Saturday, April 1, 2017

How to Improve Any Game In 3 Easy Steps

There's no denying the gaming market has many games. They can range from terrible to amazing and each employs a specific set of practices to help ensure success. After gathering information on the gaming industry all of my life, but especially over the last half decade, I've compiled a few simple steps that are foolproof for improving any game. For the sake of posterity, since I suspect this will be relevant for at least a year or so, I will keep the tone of this article as neutral as possible and directed at nobody in particular. So for devs, players, and everyone else, here's 3 ways to improve a game - guaranteed.

1. Manipulate Emotions

Manipulation of emotions is important for keeping a player engaged. As an artistic medium, the job of a game is to typically make the player feel something so that they continue playing and become immersed. That way, even when they're not playing, they'll tend to think of the game and talk about it with their peers. They may even come back for more!

One way to evoke emotion is to add a lot of randomness to the game. After all, while it feels good to win, it only feels good to win intermittently since constantly winning devalues the feeling until there is nothing left. Randomness accomplishes this well since it creates those rare times of something going a player's way, causing them to feel good about it.

In addition, a game should be incredibly difficult to evoke frustration. This strong negative emotion has a high chance of making the experience more memorable. It may even motivate a player to try harder, because they absolutely should be doing that. If confronted on social media by a frustrated player, it is highly recommended that fellow players and developers alike tell them to "git gud."

Finally, it is important to bring a player out of the experience too by putting up roadblocks that stop them from playing entirely. It would be highly irresponsible of the developers to not stop their players every once in awhile. Such a practice also helps to create a feeling of anticipation in the player to the point gaming activities are scheduled intensively. The exception to employing this practice is if the player has money like a responsible person would. If this is the case, it's considered acceptable to charge a few dollars to let them keep playing... at least for a while.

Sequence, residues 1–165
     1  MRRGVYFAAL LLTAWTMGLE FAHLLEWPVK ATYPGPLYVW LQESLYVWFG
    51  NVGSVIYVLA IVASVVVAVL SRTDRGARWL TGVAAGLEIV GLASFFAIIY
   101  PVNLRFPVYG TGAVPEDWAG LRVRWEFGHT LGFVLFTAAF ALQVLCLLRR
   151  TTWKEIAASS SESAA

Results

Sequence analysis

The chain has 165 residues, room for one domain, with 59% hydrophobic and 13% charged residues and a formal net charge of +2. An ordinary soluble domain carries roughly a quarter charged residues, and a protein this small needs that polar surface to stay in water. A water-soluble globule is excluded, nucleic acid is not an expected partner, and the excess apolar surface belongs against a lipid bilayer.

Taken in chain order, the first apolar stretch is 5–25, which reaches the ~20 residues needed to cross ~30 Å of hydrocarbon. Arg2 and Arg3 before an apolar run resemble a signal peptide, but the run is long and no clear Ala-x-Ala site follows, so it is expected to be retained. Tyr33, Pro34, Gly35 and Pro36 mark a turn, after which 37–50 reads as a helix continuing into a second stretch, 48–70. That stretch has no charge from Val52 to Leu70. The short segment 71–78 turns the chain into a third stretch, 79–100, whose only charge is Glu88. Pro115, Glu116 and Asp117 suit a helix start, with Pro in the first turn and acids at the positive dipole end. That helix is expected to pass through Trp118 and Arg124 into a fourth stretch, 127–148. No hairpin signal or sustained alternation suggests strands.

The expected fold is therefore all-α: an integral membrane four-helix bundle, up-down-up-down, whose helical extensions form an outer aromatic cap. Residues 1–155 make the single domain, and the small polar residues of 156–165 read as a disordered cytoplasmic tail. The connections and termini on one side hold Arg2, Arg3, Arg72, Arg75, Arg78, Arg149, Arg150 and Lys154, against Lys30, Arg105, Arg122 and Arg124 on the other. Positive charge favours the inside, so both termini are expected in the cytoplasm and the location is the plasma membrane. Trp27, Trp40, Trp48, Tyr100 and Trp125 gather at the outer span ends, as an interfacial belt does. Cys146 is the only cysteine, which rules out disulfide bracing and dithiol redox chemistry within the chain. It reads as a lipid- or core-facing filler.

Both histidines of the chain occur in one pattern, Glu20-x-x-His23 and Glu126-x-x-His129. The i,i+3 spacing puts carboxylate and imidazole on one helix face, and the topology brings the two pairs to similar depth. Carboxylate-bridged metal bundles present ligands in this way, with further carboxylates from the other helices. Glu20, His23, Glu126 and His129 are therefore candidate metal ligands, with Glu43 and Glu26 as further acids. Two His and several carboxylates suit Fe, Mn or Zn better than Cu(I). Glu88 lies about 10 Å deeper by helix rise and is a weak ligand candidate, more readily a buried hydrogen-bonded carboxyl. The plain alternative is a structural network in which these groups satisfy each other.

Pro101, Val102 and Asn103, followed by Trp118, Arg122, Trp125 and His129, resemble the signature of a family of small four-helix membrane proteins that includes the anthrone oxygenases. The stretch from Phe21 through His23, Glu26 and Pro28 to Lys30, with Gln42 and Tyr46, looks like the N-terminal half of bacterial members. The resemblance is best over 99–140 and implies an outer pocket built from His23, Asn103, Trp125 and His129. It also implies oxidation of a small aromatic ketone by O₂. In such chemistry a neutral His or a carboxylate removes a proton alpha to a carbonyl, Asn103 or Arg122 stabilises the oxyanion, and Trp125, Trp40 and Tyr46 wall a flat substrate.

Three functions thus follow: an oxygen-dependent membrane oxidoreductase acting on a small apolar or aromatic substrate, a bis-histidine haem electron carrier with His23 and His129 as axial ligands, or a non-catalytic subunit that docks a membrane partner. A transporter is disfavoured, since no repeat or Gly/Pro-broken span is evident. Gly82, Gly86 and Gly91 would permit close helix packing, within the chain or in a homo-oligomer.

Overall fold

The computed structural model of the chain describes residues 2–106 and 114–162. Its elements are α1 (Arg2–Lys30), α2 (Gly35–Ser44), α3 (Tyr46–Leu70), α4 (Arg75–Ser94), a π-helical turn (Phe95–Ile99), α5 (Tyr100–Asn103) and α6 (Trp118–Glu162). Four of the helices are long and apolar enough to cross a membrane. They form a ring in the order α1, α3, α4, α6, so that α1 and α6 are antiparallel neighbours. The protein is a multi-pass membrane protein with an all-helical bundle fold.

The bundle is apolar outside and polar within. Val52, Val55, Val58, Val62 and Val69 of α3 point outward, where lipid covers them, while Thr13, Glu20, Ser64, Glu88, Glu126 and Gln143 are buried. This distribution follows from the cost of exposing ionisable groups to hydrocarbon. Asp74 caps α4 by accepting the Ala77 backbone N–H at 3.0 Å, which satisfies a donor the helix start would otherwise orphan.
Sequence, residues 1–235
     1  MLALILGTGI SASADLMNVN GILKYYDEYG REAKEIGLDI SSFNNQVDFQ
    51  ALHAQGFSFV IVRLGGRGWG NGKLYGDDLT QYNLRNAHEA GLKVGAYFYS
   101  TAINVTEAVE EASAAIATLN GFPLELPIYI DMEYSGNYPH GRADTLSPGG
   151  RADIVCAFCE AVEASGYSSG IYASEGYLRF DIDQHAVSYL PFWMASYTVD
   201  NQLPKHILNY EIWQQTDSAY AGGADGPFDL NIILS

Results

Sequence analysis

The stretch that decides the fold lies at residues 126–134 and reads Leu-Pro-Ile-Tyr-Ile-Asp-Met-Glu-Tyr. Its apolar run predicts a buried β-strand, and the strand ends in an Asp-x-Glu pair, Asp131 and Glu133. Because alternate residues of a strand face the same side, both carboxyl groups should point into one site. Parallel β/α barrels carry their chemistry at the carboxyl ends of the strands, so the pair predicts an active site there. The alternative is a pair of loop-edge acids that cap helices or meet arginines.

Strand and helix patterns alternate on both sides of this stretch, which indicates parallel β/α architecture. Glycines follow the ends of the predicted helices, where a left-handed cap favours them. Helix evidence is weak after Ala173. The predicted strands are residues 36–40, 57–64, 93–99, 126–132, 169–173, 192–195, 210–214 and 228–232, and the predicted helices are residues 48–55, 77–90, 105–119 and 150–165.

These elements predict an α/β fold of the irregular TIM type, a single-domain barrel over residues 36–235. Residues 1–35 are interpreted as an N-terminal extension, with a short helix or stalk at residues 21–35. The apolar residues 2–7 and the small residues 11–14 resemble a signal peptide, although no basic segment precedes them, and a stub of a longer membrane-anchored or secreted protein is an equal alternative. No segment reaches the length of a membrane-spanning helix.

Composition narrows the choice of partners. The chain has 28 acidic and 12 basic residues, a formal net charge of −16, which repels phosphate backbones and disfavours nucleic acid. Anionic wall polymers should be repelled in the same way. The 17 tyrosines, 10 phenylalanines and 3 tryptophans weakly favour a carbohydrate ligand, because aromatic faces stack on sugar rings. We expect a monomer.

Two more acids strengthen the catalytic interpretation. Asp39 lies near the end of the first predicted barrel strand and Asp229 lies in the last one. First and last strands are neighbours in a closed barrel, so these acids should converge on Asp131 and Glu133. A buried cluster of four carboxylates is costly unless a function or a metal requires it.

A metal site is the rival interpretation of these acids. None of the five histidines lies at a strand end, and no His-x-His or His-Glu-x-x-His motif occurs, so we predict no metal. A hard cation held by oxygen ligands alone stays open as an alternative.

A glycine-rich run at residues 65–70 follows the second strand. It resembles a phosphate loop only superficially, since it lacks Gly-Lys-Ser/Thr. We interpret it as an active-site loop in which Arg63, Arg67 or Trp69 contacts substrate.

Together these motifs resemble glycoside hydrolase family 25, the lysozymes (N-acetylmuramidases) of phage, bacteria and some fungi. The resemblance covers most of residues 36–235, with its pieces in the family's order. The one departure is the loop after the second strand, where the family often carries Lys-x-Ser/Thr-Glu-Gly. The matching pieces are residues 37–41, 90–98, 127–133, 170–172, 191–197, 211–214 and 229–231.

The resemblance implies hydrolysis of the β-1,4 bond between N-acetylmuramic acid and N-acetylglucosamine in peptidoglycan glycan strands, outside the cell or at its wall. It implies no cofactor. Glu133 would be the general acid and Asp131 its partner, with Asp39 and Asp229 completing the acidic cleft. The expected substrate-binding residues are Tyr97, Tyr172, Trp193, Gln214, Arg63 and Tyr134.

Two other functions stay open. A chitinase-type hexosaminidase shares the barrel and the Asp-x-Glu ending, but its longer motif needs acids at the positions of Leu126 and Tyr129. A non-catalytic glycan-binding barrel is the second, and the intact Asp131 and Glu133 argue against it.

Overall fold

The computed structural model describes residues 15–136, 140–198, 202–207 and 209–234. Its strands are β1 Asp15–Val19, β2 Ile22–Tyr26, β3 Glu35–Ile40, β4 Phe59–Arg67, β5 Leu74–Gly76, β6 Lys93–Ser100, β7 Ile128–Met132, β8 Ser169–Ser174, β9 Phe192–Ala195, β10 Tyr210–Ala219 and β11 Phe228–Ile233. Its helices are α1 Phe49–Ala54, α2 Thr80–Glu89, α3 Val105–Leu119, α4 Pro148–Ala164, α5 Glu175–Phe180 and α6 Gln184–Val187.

2. Reward Loyalty

Veteran players are always the most important customers since they've spent a lot of money on the game. The sunk cost fallacy is an important trait of such players since it allows practices such as increasing the cost of goods. Because the players are so immersed in the game, they won't notice or care about the change and typically attempt to justify it in some way. Furthermore, incredibly stalwart fans of the game will defend such practices against harsh, pesky criticism.

In addition, veteran players should feel like they are powerful and in control so it's important to put more effort into those players' experiences. This is typically done by selling them a form of power and developing content exclusively for them. It may even be lucrative to abandon concepts like new player experience since new players are basically just fodder meant to sate the needs of superior players. Besides, these new players might not even spend much money if any at all, so they're better off leeching off another game once their usefulness has been expended.

3. The devs are always right

When all else fails, remember that the developers of a game can see everything regarding its inner workings. They are basically wizards and there's simply no way a consumer can understand their ways without undergoing the extensive education and ordeals they went through to join their ranks.

Thus, suggestions from some random person on the forums or the like mean nothing since until it's actually added into the game, it's just a bunch of words that can easily be edited or deleted. To put it another way, the final call lies with the developer and it's fine to protect the artistic vision, design philosophy, or whatnot of a game. The process typically involves ignoring criticism and doing whatever they wanted to do anyways, explaining the reasoning for their decision afterwards.


And there you have it. These are tips that will ensure any game is successful. Please for the love of gaming don't actually do any of this.

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